Friday, May 29, 2009
Without getting into too much detail, many of the students who attend SSI are seriously struggling academically. With all the stress that they deal with at home, many of these students are both unmotivated to study, but also lack the necessary study skills to be an effective learner. Moreover, students are not improving in school and some teachers see SSI as a distraction to students, rather than something helping their studies. In fact, however, studying is an important part of the Stepping Stones curriculum. Right now, the students study for 1.5 hrs each day and ALL day on Tuesday. It’s simple studying, where I and some other volunteers, are there to help out when the students have questions. Since this current strategy is not lending many results, I have been tasked to develop an actual Study Skills Program where: students will learn helpful study skills and apply them in their own studying, as well as tutors for the centre will go through a mini-lesson on how to be a more effective resource in the centre during study periods. (Remember the main goal here is HOW TO IMPROVE STUDENT GRADES).
There are some obvious changes that need to be made in the centre with respect to the attitude of staff members during study period; i.e. we need to be stricter in ensuring the students are actually studying. We also need to take a more proactive approach in encouraging students to seek our help and ask questions. But what I’m more interested in hearing is if any of you have activities or strategies on how to motivate students to WANT to learn and do well? Does anyone have specific activities that teach study skills? To give you some examples of what I am talking of, one thing that I am working to find is a company to donate planners for the students to use; this would allow us to teach the students time management and organization, as well as provide us a means to track what assignments, tests etc the student has. (So if anyone has connections with a company that might be willing to donate 70 planners for 2009 and 2010 to SSI, let me know!) I’m also implementing a journal writing activity to take place every week to reflect on the SSI weekly themes which will help students work on their writing and reflection skills. Now, once a week we will have a ‘study skills lesson’ where some sort of skill (note taking, memorization tricks, using flash cards, etc) will be passed along to the students and they will be expected to demonstrate this new skill by using their own school work. We’ve also tossed of the idea of provide rewards/punishments to the students who do well/very poorly in the study skills program. Anyways, I know that’s a lot of info, but I would love to hear if you have any suggestions, lessons, skills, activities or anything else that we could use in our study skills lessons... you know my email address!
Thanks, as always, for taking some time to read about my trip! Hope everyone is safe and happy back home.
Last I wrote, I said I would be climbing Khale Hill in Gabs. Well those plans changed (as most do here) and I ended up doing a charity walk with some Stepping Stones members as well as other members from the community. There were about 60 of us in total and we were to walk from Mogonia to Manyana, two villages on the outside of Gaborone. The walk was supposed to be 20km and we would be walking through the hills and fields through the rural areas. It was a really good time and I got to see some very rural areas of the country. As we were walking, though, I was starting to panic that I was in worse shape than I even thought... I mean, 20km isn’t that long to walk and I was getting tired! It turned out that in fact, we had taken a wrong turn and it turned into a 35km hike. Once we got to the finish line, we then decided to hike up a beautiful gorge high in one of the hills. This sounded like an exciting idea, as it is one of the few places near the capital city with natural running water, as well as the hills are full of leopards, baboons, monkeys and poisonous snakes and trees. The walk up the gorge was a lot tougher than expected – it was full of rock climbing and awkward wall climbing with ropes. Needless to say, the gorge added another tough 15km and before we knew it, the anticipated 20km stroll in the countryside turned into a hard 50km hike! At the end of it all, though, it was a really nice way to spend my day off and a chance for me to get to know some of my co-workers even better!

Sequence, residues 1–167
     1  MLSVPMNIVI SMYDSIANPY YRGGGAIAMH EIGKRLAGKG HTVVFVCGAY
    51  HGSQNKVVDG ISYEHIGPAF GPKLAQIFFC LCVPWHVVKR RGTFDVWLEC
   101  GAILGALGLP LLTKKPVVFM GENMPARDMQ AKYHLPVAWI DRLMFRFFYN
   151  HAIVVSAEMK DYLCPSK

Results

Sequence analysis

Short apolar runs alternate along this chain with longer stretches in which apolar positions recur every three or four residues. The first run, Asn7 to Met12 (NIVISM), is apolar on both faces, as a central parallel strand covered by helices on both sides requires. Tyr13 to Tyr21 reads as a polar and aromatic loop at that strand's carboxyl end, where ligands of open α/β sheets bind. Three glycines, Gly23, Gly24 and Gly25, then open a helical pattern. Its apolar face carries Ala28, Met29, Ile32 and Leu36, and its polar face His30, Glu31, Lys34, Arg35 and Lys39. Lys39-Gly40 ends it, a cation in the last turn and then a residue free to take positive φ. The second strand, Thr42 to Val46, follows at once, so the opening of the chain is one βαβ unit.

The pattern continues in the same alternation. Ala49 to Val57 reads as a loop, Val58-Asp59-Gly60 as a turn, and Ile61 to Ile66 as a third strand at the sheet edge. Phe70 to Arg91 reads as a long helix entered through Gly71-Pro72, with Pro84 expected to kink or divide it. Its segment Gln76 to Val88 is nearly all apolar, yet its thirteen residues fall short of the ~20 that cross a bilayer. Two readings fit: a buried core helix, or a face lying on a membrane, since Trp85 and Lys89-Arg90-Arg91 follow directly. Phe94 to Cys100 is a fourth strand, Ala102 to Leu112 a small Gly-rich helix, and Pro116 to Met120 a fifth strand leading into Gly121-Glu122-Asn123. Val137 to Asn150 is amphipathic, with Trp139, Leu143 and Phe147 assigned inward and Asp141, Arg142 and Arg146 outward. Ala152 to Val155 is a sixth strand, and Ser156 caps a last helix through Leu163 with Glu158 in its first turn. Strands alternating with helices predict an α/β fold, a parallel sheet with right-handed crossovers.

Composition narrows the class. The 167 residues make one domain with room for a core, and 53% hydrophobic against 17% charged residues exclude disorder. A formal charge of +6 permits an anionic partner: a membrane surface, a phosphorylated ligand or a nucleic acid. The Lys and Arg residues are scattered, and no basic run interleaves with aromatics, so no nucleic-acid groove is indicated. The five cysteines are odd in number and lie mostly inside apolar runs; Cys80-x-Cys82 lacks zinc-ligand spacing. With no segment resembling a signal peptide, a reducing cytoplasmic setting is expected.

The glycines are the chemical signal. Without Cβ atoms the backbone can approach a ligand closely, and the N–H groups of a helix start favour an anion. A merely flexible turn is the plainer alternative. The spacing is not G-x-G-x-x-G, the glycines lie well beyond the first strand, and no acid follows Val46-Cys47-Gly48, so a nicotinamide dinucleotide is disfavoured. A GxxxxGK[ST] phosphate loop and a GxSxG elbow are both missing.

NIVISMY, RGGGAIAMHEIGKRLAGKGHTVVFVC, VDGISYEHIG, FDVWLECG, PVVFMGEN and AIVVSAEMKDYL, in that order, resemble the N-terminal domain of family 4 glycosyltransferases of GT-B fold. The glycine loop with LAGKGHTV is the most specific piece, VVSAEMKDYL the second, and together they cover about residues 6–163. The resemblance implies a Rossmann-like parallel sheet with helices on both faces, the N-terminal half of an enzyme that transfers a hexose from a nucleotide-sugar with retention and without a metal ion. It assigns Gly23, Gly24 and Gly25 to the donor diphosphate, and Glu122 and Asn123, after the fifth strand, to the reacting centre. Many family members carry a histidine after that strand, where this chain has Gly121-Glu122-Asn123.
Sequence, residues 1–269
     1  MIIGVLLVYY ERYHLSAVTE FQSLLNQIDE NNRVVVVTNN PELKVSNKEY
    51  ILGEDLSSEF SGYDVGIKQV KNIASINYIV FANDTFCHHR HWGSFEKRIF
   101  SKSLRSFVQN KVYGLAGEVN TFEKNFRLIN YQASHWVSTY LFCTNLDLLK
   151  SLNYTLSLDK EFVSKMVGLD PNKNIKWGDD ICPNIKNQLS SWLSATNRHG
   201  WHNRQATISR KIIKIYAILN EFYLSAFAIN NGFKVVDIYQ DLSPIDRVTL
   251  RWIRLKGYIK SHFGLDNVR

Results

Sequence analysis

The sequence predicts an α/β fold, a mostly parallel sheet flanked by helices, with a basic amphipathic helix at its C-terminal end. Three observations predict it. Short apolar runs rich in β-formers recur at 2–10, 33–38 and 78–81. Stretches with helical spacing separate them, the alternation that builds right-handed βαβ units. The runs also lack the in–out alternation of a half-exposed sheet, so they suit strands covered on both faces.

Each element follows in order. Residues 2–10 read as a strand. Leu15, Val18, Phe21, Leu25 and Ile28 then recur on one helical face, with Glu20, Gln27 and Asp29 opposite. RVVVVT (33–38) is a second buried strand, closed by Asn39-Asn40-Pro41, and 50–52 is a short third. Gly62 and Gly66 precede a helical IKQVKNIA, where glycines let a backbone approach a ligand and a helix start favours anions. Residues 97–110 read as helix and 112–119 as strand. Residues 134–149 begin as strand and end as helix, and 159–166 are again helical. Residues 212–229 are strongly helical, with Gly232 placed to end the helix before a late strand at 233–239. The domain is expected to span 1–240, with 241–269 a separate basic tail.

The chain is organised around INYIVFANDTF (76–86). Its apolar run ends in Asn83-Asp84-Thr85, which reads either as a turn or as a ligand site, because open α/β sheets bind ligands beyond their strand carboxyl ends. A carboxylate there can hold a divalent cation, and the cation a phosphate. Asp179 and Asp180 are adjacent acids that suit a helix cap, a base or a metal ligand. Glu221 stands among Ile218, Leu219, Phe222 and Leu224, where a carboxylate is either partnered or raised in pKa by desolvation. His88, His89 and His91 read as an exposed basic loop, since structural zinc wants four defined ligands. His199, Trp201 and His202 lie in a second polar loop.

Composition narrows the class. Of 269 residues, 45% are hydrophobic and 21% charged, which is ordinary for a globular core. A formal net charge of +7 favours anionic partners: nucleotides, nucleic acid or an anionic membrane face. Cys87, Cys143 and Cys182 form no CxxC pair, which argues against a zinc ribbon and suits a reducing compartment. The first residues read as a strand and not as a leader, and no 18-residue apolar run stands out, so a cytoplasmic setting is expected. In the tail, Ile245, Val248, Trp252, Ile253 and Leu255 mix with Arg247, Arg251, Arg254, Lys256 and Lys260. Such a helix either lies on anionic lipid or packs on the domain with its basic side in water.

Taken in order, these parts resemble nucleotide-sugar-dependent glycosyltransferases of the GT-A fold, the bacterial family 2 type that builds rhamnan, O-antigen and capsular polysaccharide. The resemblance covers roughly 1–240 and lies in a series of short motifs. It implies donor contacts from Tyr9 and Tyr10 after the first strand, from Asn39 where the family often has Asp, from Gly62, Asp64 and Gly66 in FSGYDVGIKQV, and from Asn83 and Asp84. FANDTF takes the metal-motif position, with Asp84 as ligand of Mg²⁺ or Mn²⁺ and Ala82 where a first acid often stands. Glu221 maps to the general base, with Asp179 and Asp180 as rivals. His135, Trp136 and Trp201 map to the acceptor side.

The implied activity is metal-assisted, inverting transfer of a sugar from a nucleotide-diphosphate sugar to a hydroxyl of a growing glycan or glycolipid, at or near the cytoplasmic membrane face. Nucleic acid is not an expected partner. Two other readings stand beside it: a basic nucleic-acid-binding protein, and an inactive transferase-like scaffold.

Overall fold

I was talking to my parents and Grandpa last weekend and was explaining to them how I’m missing home less, yet every now and then have these pictures in my head of driving down University Ave or having pints and appetizers at Boston Pizza with my friends; I think my Dad described it really well as ‘little cravings’. I’m loving it here and am happy at work, but no matter how content I am, I think I will inevitably have these cravings for home every now and then... just something I thought was kind of interesting! Although I already knew it, it’s really opening my eyes to how much I need you guys!